Spring Hill resident Arturo Rodriguez set foot in Cuba on Thursday for the first time since 1959, the year Fidel Castro took power. He was there to see the younger brother and sister he'd only talked with by phone all those years. • "I want to go before I die," the 81-year-old said before boarding a plane to Havana at Tampa International Airport.
All sorts of personal stories like Rodriguez's flew on Sky King Flight 1221, the first nonstop commercial flight between Tampa and Cuba since 1962. Families headed to long-overdue reunions: three cousins in canary yellow from head to foot in honor of a patron saint of Cuba; four Tampa businessmen carrying 100 baseballs for kids in Havana.
The nearly sold-out charter flight to Havana took off from Tampa on Thursday afternoon, linking cities with long historical and cultural ties.
The 75-minute flight carried 89 customers filling most of the Boeing 737's 100 seats. Each paid $445 round trip, plus $2 a pound for luggage. The trip culminated a yearslong effort by airport and political leaders to win federal approval for nonstop flights to Cuba.
For years, thousands of bay area Cuban-Americans spent extra time and money to fly from Miami International, which along with New York and Los Angeles were the only federally approved gateways to the island nation. In March, U.S. Customs and Border Protection added Tampa International and seven other airports to the list.
Now, two companies offer one round trip flight a week to Havana — Xael Charters and ABC Charters on Saturday. Island Travel & Tours of Tampa will start a Sunday round trip Nov. 6. The companies lease planes from operators like Sky King and sell the seats to passengers.
"Obviously, we're thrilled the first flight was (nearly) sold out," said Chris Minner, TIA's vice president of marketing. "These new flights are stimulating new demand for people unable or unwilling to fly to Miami."
More than 80,000 Cuban-Americans live in the Tampa Bay area, the third-largest population in the United States after South Florida and metro New York.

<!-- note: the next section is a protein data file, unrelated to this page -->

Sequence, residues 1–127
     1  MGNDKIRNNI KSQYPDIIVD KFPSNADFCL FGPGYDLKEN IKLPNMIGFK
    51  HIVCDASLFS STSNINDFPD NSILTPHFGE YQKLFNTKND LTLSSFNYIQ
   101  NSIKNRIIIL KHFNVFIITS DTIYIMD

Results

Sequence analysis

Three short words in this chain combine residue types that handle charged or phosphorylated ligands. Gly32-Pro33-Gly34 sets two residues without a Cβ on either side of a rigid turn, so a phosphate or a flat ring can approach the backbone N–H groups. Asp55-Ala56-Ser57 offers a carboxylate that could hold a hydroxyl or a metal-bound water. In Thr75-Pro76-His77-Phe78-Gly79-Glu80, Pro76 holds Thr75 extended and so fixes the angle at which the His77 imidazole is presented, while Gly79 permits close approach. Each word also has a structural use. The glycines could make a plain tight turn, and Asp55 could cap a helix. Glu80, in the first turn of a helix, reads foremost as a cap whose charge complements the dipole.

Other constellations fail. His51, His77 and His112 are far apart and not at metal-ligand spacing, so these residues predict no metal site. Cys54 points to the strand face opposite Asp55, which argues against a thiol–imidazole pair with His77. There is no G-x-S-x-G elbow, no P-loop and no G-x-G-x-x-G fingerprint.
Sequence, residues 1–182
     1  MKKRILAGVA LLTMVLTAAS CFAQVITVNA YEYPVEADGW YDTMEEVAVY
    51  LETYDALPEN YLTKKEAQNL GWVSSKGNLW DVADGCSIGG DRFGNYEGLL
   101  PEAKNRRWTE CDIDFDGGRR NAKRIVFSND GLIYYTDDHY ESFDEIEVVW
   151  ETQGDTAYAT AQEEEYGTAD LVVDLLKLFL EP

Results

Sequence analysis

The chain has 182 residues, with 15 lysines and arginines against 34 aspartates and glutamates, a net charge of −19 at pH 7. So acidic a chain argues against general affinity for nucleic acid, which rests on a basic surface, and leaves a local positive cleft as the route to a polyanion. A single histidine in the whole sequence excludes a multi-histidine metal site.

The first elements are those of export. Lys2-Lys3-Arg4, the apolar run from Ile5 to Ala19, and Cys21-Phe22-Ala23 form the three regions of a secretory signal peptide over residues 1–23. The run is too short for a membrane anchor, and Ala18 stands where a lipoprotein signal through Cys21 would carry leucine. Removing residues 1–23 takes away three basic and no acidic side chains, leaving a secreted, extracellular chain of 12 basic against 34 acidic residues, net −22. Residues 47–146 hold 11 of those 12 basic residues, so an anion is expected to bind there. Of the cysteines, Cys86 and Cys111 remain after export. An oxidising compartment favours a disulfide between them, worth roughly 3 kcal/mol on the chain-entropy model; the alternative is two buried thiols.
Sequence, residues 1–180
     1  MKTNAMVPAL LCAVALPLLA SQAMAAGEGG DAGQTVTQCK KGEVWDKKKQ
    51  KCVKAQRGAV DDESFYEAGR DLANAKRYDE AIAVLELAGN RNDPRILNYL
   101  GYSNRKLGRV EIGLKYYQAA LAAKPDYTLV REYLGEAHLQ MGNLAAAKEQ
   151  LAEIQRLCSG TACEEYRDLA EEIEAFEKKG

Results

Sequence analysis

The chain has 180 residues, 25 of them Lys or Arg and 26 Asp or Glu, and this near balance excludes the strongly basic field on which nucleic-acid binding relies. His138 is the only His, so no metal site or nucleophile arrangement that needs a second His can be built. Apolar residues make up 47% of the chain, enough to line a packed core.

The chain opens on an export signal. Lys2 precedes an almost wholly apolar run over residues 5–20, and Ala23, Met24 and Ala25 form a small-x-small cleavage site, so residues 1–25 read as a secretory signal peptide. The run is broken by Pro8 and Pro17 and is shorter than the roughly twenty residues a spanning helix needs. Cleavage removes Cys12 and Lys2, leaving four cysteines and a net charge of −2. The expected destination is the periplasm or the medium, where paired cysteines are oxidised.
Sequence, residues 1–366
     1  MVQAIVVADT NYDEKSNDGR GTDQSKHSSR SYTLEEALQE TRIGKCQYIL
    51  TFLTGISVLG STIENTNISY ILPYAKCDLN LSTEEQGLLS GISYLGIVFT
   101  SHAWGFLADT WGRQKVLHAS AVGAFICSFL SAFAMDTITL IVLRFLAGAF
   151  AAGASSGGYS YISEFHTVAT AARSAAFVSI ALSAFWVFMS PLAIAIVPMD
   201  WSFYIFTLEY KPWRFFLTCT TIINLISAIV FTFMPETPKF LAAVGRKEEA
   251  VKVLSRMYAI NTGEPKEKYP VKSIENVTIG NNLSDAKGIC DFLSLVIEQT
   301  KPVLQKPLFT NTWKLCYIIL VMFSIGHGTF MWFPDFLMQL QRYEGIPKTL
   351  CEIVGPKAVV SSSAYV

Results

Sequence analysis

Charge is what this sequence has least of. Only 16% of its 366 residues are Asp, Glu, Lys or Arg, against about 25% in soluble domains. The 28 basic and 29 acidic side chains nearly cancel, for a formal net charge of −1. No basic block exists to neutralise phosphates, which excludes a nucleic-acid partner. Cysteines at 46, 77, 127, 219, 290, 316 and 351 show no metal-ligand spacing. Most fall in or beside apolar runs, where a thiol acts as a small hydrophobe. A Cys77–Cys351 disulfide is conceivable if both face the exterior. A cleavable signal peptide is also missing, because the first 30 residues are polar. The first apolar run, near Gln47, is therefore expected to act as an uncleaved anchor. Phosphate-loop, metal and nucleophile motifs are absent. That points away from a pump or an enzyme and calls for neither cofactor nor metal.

That's enough to support more than three weekly flights from TIA, said William Huff of Island Travel & Tours. He predicts the airport will have at least one Havana flight each day during the busy December holiday season.
Xael Charters expects demand for Tampa flights will grow slowly. The strong presence of discount carriers like Southwest will bring people from around the country to Tampa International for Havana flights, said Mercy Casals, Axel's executive vice president.
"You'll have people coming as tourists and spending their dollars here," she said.
Travel to Cuba for U.S. citizens is limited to Cuban-Americans with close relatives on the island, and people on business, educational, religious or humanitarian trips. President Barack Obama relaxed rules in January to allow "people-to-people" exchanges organized by licensed organizations and individuals. Travel strictly for tourism remains illegal.
Business at Sky King's TIA ticket counter was brisk. Travelers pushed carts weighted down with duffel bags and inexpensive suitcases stuffed with food and clothes for relatives in Cuba.
Carlos Reyes of Tampa was unhappy that Xael charged $2 per pound for luggage — twice as much as the price at the Miami airport. His seven bags came to $550.
"We thought Tampa would be easy," said Reyes, a hotel restaurant server. "But it's too expensive."
Mady Acosta, 21, was born in Cuba and left for Tampa at age 13. This was her seventh trip back to see grandparents, uncles and cousins near Havana.
"What are we going to do?" she said. "Oh, my God, we're going to have a party."
Steve Huettel can be reached at firstname.lastname@example.org or (813) 226-3384.